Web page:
Any real or potential risk to the asset value of the property is thus halted before a problem develops. This is best done through the service of an interim Schedule of Dilapidations. Although this interim measure is more limited than a final schedule, it will usually focus the attention of the tenant on existing problems.
A final schedule of dilapidations will identify items of disrepair to be “made good” by the tenant; chiefly in order to protect the asset value to the landlord at the expiration of the lease. Where the tenant has not complied with his repairing obligations, the schedule can often form the basis of a financial claim by the landlord.
Acting on behalf on the tenant
Tenants are sometimes presented with very large dilapidations claims by their landlord at – or very near to – the expiry date of a lease. In such circumstances, the validity of the landlord’s claim should be investigated with specific reference a) to the specification and pricing of the works involved, b) the scope of repair obligations undertaken by the tenant, and c) to the loss in value of the reversion. When a claim is submitted in good time prior to the lease’s expiry, it is sometimes beneficial for the relevant repair works to be carried out (albeit less expensively) by the tenant.
Schedule of Condition
If you acquire the lease of a business premises in the UK you may find that you have accepted a ‘repairing liability’. Depending on the wording of the relevant clause, this can mean that you have a duty to leave the property in a better condition than it was at the start of the lease if you don’t record accurately what the starting condition was.
To avoid this, many well advised business tenants are now documenting the condition of the premises before they acquire a lease while ensuring that the lease limits their liability by reference to a Schedule of Condition.
The reasoning behind this is that most business premises in the UK are let on what is called “Full Repairing and Insuring Leases”. This means that the tenant is liable for all the repairs required to keep and put the premises in good condition including such expensive repairs as the replacement of a roof covering, for example.
To avoid the liability of putting the premises into a better condition than they were at the start of the lease, it is necessary to have a professionally prepared Schedule detailing the condition of all the elements of the accommodation and for the resulting schedule to be attached and referred to in the lease’s documentation. Even regarding the smallest of shops or stores, claims can run into tens of thousands of pounds. The cost of preparing a Schedule of Condition at the start of the lease is thus just a fraction of the costs of repairs for which the tenant may otherwise be liable.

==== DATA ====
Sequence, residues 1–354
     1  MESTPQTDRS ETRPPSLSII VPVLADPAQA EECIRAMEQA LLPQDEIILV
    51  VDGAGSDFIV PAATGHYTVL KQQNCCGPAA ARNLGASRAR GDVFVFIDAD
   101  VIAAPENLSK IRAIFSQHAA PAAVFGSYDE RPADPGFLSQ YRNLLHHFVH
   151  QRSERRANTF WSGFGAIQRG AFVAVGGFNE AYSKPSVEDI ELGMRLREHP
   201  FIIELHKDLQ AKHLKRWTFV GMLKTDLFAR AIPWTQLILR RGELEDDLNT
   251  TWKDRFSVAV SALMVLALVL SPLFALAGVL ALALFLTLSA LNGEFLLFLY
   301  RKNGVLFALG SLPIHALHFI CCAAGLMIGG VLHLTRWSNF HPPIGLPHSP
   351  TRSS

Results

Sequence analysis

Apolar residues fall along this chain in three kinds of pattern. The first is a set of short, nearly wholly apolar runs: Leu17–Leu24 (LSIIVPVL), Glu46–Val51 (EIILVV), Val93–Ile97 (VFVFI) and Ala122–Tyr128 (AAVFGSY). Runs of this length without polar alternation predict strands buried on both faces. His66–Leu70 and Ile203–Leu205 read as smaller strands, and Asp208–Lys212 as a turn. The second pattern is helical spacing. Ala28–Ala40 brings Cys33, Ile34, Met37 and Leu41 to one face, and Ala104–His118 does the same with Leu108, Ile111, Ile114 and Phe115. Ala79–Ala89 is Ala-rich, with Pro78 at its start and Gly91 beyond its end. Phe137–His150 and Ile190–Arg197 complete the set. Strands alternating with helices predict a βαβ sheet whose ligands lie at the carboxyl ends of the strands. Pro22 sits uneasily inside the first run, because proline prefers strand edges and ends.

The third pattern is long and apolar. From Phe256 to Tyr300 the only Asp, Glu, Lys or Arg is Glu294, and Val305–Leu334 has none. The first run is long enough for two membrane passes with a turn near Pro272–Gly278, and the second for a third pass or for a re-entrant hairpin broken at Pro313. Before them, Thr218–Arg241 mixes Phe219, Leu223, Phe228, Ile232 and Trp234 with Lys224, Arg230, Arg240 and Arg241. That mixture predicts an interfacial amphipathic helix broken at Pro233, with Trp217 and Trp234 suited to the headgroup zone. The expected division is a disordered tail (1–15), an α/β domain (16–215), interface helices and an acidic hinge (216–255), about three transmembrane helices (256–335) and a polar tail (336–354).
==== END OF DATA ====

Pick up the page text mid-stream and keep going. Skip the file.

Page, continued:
The Party Wall etc. Act 1996 can be a real headache for homeowners.
In principle, it provides a strong statutory framework to avoid disputes between neighbours in connection to excavations and works to boundary walls. The provisions of the act, however, are complex and many building owners and their neighbours have fallen foul of not adhering to the right sections at the right time.
About the Party Wall Act
The Party Wall Act can be split into two sections: ‘Notifying’ and ‘Disputes’:
Notifying – the Building Owner is legally obligated to serve notice on their adjoining owners if they are to begin works which qualify under the Act. The notice needs to outline the works proposed and, if the adjoining owner is satisfied that they will not materially affect them, they can simply agree in writing and the works may begin unhindered. Whilst a surveyor is not necessarily required at this stage, anyone who might trigger the Act is advised to have their notices issued by a Chartered Surveyor – to ensure nothing is omitted.
Disputes – quite often, however, neighbours do not agree at this early stage and are concerned by the impact the proposed works might have on them and / or their property. If they raise concerns, or don’t respond to the notice at all, then a Dispute has arisen.
If such a dispute arises, then both parties need to appoint a Party Wall Surveyor – who will ideally be a trained and experienced Chartered Surveyor (RICS). This surveyor can be the same person for both parties – termed an ‘agreed surveyor’. Whilst this may seem odd, Chartered Surveyors are bound by an ethical code of conduct and, under the Act, they are also duty bound to act impartially – so having only one surveyor involved can keep things fairly simple.
The appointed surveyor(s) will agree a route forward and encapsulate this in what is called a Party Wall Award, which is binding on both parties.
Our services under the Party Wall etc. Act 1996
For building owners:
- Identifying neighbours who will require notices.
- Serving notices under the Act.
- Producing a schedule of condition before works begin, to avoid disputes over alleged damage caused by the works.
- Preparing, negotiating and agreeing Party Wall Awards.
For adjoining owners:
- Initially, we provide advice on your rights under the Act – whether you can stop the works going ahead or whether you could seek compensation.
- We ensure all possible action is taken to limit the possibility of damage to your home or garden.
- We can monitor the ongoing works to ensure no damage is done to your property.
- We can act on your behalf in negotiating a Party Wall Award.
It’s also worth noting that fees for the adjoining owner’s surveyor are paid by the developer, so you have nothing to lose instructing a professional to assist you.
Expert Witness Report
An expert witness, professional witness, judicial expert (or “skilled witness” in Scotland) is a witness, who by virtue of education, training, skill or experience, is believed to have sufficient expertise in a particular subject to advise the court. As such, they possess sufficient knowledge that others may officially and legally rely upon that witness’s specialised opinion about key evidence or facts at issue within the scope of his expertise. This is referred to as the “expert opinion” – an assistance to the fact-finder.
A surveyor’s primary duty in creating an expert witness report is not to a particular client, but to the tribunal. Our surveyor’s primary duty to that tribunal is to ensure that the expert evidence provided is, and must be seen to be, an independent and unbiased product, falling within their expertise, experience and knowledge. It must state the main facts and assumptions it is based upon, and not omit material facts that might be relevant to the conclusions.
We do not stray from the duties of an expert witness by acting in a partial, misleading or untruthful manner.